Lanser said the high cost of treating milk allergies is likely related to the high price of milk substitutes, particularly alternative baby formulas. Neither the researchers nor the experts, however, could explain the wide variation in the cost of treating anaphylaxis among food allergies.
Gelburd said the report aims to identify trends in food allergies that could inspire other studies and discoveries. "We never want our data study to be the end of a conversation," Gelburd said. "Rather, we would want it to be the beginning of a conversation that adds greater understanding to an area."
Today, Lynda Mitchell is acting chief executive officer of the Asthma and Allergy Foundation of America, a patient advocacy group for people with asthma and allergies.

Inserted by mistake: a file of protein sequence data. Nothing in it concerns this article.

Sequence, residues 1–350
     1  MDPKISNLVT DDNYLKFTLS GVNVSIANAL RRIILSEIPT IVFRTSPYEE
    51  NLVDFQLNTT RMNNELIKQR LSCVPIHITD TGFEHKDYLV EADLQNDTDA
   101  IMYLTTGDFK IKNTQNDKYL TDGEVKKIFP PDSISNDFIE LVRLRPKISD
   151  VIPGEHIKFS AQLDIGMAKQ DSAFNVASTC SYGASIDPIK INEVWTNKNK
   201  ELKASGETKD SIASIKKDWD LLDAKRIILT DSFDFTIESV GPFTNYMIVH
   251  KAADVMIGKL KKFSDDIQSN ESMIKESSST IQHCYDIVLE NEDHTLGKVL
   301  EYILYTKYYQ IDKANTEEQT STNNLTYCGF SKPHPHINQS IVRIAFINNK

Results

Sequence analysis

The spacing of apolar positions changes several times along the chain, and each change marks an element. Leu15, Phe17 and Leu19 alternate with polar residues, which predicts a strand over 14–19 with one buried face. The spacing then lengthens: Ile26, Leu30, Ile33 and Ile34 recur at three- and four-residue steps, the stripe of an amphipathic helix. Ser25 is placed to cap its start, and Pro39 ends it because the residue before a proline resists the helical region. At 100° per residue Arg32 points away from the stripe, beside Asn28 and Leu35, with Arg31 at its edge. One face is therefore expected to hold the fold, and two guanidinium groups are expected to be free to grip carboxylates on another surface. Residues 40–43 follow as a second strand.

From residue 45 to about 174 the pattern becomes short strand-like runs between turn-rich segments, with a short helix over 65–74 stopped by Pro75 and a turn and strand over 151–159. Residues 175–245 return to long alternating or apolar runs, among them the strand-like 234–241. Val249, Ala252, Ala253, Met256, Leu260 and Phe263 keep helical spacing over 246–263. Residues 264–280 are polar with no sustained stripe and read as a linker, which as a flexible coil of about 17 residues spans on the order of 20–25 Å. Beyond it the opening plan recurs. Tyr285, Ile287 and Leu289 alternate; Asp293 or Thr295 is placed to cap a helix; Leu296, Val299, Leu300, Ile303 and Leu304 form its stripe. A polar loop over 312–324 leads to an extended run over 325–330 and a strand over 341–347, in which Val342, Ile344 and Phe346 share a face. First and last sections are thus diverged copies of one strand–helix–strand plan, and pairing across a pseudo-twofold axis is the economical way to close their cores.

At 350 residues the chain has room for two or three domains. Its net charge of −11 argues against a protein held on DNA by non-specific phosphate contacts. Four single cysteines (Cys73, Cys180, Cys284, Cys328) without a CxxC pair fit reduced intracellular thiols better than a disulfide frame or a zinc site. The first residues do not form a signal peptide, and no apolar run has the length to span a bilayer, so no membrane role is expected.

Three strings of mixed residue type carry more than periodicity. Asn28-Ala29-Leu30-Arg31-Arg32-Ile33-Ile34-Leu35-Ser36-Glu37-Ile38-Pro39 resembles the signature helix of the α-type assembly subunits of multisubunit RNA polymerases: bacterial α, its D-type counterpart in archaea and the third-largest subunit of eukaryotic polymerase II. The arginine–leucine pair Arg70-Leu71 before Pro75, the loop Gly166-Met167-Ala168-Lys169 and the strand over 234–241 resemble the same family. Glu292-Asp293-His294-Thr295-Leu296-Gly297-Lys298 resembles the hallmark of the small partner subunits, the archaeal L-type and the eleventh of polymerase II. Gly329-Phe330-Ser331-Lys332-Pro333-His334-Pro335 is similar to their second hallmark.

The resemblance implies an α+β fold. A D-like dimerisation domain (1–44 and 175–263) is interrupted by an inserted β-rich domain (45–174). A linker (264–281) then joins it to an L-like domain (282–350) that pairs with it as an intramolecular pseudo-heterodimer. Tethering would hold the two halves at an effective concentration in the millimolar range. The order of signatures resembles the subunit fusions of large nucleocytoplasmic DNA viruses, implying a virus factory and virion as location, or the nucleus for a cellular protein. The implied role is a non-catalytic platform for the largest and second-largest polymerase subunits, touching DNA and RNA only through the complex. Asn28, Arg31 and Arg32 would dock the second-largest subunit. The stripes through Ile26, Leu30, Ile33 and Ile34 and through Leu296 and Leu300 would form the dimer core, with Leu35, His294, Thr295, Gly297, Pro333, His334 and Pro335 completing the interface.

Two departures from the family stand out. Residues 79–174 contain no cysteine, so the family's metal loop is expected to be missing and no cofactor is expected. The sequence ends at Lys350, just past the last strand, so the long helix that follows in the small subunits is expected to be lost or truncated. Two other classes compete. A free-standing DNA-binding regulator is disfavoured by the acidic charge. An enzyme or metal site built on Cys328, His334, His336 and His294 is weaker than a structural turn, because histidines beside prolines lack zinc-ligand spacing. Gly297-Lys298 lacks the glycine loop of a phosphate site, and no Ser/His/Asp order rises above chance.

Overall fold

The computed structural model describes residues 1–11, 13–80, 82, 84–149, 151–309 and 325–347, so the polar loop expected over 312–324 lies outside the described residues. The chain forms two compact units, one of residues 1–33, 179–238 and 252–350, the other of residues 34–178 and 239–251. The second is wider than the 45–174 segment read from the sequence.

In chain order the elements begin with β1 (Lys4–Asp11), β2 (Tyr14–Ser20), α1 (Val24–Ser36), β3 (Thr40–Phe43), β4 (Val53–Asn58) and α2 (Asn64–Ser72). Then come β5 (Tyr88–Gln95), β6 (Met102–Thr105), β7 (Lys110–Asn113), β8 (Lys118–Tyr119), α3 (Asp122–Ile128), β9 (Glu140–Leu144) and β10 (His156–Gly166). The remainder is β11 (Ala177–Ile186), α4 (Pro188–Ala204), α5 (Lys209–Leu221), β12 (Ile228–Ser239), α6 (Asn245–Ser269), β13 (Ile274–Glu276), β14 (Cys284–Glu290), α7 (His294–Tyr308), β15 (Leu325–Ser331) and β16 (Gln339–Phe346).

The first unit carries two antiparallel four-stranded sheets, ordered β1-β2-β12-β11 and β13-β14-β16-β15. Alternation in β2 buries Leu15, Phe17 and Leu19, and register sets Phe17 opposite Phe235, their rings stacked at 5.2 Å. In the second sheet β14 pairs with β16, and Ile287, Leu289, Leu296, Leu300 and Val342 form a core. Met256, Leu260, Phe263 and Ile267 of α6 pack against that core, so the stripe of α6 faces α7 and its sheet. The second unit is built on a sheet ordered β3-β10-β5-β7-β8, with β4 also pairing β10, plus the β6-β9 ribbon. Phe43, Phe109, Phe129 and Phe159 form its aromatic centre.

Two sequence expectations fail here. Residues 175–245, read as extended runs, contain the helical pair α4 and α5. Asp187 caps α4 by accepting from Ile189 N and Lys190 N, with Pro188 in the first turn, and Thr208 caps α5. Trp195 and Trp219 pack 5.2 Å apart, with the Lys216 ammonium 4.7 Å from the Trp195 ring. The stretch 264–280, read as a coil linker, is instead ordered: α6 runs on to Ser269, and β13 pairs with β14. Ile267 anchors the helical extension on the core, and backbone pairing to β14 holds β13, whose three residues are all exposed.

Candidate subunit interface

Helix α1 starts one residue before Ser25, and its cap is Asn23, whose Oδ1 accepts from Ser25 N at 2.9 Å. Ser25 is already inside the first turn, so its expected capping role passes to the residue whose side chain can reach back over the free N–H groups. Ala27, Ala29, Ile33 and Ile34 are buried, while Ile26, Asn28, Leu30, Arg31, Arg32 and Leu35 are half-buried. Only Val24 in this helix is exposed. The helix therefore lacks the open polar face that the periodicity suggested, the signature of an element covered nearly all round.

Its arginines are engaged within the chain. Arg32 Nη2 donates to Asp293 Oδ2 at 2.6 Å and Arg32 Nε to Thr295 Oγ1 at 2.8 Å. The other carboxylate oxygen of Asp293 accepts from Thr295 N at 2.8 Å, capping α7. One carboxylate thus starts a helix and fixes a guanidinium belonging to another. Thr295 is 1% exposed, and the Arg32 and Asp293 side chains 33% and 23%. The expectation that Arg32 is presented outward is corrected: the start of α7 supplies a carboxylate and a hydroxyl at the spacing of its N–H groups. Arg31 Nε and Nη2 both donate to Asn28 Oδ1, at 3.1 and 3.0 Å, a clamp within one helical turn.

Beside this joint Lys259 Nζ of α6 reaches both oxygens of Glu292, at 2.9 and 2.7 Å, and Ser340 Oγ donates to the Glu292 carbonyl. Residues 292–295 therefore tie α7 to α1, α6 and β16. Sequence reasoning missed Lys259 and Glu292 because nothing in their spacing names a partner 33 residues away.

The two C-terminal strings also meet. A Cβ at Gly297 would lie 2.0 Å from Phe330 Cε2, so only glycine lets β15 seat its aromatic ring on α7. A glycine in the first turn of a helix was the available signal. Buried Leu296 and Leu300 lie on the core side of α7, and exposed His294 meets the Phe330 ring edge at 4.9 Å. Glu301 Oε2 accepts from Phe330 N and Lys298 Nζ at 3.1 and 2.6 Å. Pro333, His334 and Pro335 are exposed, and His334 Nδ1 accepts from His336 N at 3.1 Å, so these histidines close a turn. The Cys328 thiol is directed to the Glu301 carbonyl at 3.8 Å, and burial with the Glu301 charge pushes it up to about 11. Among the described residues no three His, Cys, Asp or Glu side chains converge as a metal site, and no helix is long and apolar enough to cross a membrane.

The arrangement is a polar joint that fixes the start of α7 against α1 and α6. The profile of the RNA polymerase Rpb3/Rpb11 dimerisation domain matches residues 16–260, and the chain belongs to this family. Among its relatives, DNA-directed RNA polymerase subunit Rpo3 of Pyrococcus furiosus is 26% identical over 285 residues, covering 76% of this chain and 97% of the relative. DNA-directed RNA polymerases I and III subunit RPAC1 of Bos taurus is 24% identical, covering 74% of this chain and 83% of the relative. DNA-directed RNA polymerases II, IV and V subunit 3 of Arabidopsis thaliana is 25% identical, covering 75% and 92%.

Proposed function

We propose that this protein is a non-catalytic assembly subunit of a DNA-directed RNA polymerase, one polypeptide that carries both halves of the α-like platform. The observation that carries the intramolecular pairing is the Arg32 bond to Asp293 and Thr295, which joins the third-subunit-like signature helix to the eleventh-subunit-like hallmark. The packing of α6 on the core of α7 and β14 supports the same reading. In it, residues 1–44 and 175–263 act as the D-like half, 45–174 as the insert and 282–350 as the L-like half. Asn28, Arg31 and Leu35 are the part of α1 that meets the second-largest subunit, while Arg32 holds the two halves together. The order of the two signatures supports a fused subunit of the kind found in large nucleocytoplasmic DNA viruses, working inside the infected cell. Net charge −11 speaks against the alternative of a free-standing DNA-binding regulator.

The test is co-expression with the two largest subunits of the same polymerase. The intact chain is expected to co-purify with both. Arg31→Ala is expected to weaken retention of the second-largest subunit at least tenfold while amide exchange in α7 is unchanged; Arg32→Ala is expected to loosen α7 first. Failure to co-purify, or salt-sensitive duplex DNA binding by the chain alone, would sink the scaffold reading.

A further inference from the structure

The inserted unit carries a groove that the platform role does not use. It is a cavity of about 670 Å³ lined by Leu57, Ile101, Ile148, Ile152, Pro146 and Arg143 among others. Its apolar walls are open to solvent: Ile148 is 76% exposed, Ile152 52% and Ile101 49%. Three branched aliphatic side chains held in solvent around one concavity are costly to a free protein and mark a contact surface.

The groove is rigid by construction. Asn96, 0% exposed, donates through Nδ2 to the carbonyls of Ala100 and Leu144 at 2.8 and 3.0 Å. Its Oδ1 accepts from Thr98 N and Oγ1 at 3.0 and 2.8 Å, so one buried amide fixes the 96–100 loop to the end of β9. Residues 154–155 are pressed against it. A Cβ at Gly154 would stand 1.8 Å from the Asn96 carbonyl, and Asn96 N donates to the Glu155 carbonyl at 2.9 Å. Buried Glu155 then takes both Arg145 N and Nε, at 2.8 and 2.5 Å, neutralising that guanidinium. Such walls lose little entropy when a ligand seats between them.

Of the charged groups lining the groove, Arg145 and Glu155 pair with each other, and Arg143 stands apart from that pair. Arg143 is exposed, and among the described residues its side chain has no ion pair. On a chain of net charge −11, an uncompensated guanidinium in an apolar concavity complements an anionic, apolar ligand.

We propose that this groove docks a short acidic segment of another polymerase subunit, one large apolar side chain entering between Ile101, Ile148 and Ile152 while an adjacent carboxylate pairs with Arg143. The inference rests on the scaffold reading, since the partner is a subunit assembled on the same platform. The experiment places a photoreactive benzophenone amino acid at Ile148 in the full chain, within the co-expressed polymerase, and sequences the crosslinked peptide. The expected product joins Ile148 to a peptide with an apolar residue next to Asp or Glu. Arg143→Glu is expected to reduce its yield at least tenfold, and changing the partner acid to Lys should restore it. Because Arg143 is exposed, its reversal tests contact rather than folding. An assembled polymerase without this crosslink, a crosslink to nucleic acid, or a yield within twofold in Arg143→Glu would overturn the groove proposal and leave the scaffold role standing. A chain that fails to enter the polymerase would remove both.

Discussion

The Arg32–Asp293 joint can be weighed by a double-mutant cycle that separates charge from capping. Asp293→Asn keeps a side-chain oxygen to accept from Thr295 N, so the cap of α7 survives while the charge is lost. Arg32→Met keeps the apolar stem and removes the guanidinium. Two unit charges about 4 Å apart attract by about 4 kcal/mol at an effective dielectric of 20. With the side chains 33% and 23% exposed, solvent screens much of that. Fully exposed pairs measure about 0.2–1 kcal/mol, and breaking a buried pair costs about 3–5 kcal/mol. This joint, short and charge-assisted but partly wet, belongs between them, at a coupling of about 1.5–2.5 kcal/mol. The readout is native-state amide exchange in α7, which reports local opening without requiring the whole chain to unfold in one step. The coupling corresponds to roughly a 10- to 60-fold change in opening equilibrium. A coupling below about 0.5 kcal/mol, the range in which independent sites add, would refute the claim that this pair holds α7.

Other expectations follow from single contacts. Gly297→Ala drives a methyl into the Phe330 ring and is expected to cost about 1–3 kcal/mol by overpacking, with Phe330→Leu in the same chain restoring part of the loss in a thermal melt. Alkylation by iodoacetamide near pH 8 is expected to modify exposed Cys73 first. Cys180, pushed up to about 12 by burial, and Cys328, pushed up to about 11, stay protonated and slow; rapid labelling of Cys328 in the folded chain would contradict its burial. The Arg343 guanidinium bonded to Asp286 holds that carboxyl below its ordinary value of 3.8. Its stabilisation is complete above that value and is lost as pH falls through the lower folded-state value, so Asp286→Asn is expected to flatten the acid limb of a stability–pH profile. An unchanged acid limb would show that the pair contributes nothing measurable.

True to tradition, with her son in mind, she prepares meals without milk. She searches for a turkey that has not been injected with a solution that could have a milk base. She makes mashed potatoes with chicken stock and margarine but no milk or cream. And she makes her dairy-free pumpkin pie.
"As a parent of a child with a food allergy -- especially a young child -- you just always have to be surveying the landscape and having that vision going in your head about whether this is going to be a high-risk situation or not," she said. "And it's worth it. But it's just something that parents of children that have food allergies have to do every day."
(Kaiser Health News (KHN) is a national health policy news service. It is an editorially independent program of the Henry J. Kaiser Family Foundation.)
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